Have rising temperatures got you sweating over the cost of your energy bills?
It might be time to consider investing in a new air conditioning unit. Improved year-round energy efficiency is something you can see and feel, with lower energy bills and improved comfort throughout the day. But when it comes to AC units, not all are created equal.
Why Air Conditioner Size Matters
Air conditioning is not only about cooling the ambient temperature. Dehumidifying the inside air is another critical function of AC units. Removing moisture is necessary to keep your house free of mold.
Keep these two functions in mind when sizing a new AC unit. If the air conditioner is too small it will have to work harder and run longer, costing you comfort and money. But bigger is not necessarily better. If your AC unit is oversized for the size of your home, it will turn on and off more frequently. This “short cycling” can shorten the compressor’s lifespan and prevents your unit from operating long enough to properly remove moisture.
Sizing Your New AC Unit
Cooling power is measured in BTUs (British thermal units), and air conditioner sizing is determined by the square footage of the area to be cooled. Whether you need a window AC unit or a central system, the question is the same: How much power is required to cool and dehumidify a given room or living area? You can make a rough estimate of the unit you’ll need by calculating the square footage of your home.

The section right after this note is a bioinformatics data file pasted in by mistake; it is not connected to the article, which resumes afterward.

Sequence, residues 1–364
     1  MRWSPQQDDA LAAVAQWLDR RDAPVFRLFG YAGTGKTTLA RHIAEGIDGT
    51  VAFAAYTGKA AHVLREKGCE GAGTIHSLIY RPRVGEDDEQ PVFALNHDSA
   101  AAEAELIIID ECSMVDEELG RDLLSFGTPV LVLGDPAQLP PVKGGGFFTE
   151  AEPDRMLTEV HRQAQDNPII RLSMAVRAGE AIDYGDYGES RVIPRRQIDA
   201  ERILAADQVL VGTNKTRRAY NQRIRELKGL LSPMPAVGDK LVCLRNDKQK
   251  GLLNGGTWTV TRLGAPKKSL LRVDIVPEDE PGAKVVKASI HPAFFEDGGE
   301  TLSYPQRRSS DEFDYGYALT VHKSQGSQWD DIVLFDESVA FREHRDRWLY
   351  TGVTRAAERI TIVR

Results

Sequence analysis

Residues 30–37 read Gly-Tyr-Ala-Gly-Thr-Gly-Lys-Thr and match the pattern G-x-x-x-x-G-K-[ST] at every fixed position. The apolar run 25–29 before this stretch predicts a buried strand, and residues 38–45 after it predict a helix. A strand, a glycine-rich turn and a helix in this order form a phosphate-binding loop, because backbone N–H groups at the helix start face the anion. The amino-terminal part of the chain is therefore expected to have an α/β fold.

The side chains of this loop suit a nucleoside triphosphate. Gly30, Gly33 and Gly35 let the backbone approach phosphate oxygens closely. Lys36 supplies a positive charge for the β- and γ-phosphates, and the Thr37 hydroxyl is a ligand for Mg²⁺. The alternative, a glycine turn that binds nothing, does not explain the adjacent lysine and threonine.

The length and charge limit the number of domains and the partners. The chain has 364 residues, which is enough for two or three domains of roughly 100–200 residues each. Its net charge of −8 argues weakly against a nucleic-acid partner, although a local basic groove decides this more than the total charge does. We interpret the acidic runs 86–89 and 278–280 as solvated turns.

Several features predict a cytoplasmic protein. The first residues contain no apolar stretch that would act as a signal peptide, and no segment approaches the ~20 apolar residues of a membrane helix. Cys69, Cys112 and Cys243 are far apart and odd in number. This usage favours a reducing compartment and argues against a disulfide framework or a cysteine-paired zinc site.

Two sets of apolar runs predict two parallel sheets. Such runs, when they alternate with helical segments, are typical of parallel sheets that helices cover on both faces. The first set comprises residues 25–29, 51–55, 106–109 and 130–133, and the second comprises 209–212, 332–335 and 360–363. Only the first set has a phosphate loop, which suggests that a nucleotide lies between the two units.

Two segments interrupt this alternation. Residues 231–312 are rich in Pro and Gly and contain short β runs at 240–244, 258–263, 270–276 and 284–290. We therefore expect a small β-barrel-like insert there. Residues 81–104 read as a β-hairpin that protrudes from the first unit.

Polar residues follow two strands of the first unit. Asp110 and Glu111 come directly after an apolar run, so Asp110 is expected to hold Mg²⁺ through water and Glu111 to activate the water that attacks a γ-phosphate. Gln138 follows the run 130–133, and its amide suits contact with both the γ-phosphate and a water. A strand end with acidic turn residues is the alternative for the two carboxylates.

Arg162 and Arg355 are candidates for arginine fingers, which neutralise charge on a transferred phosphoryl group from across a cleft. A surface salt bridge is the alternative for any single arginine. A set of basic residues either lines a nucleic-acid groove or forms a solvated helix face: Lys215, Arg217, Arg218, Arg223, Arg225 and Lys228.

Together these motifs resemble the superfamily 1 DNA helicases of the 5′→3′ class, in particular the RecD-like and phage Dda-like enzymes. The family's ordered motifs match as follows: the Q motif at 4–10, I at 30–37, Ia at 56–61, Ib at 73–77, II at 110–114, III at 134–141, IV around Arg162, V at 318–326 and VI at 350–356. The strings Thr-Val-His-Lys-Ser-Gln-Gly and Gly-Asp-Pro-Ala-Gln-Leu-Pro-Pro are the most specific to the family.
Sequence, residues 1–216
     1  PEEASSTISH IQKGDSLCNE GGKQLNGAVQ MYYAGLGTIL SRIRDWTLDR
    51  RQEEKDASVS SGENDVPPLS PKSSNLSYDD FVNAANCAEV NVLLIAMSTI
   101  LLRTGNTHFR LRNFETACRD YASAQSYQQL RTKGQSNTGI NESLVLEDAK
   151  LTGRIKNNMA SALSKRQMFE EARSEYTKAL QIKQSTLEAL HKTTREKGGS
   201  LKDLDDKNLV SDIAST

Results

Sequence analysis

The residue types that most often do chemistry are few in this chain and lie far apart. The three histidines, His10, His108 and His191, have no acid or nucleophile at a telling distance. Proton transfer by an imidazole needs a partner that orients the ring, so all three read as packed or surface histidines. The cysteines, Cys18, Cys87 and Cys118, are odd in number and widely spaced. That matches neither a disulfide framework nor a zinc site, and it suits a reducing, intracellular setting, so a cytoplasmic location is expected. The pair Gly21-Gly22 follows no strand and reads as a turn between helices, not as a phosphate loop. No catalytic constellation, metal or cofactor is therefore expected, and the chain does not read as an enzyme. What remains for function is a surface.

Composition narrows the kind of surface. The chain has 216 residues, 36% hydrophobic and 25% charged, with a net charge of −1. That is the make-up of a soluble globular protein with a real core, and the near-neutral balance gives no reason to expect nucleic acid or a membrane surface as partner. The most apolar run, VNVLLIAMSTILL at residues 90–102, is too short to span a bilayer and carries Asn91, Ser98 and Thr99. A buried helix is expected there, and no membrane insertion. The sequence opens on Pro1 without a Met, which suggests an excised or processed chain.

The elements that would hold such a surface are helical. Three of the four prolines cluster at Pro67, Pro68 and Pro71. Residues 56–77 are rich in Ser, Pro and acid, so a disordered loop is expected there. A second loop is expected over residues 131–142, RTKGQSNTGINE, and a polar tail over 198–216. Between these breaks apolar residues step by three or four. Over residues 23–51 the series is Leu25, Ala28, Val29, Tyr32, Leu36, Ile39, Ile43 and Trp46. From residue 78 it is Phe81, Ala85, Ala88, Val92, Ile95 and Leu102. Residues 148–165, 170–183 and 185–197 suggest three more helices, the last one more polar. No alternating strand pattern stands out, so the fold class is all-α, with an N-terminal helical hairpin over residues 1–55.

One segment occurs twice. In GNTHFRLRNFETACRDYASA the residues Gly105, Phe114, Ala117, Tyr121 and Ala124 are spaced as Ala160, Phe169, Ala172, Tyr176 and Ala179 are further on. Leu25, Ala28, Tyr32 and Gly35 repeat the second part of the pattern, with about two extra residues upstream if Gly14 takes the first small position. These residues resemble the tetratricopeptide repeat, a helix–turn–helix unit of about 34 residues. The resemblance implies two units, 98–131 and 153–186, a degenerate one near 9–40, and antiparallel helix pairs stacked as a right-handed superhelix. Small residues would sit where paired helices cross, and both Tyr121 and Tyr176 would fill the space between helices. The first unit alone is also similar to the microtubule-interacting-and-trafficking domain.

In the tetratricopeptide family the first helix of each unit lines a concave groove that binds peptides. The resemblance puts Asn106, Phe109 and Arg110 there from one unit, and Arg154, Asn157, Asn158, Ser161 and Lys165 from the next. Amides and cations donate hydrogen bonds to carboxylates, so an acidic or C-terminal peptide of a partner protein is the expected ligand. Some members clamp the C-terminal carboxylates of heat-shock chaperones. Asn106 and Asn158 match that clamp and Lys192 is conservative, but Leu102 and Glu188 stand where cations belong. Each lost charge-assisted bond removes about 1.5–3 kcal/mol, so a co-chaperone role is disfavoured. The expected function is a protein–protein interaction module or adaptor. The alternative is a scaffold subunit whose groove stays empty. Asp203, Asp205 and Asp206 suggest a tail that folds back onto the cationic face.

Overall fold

Most living spaces can be divided into three basic shapes: square, rectangle, or triangles. To calculate the total square area, add together the area measurements for all the rooms and spaces on each floor, use the following formulas:
- Square/Rectangles: length x width
- Triangles: (length x width) / 2
Once you have the total square area, consult this chart provided by the ENERGY STAR program, to determine how much power your AC unit will need to produce. The load size of air conditioning systems is measured in tons, where 12,000 BTUs = 1 ton. For example, if you calculate a new system would need to produce 36,000 BTUs, then you would be shopping for a 3-ton AC unit (36,000/12,000).
Of course, this calculation is only a starting point. There are other variables to take into consideration. Chief among these factors is the R-rating of the insulation in your home. A poorly insulated 800 square-foot space will require more cooling power than a tightly sealed space of the same size. Other things to think about include: south- or north-facing parts of your home, the local climate, or unfinished spaces that you plan on building out.
Installing a new HVAC unit is great way to make your home more energy efficient. However, an improperly sized unit will cost you more in the long run. Be sure to consult local and state laws that might require you to install units with a minimum Seasonal Energy Efficiency Ratio (SEER) rating. Moreover, some local or state governments may offer tax incentives for more efficient models. A certified Sears technician will be happy to help you find the best and most efficient air conditioner size for your home, make an appointment today!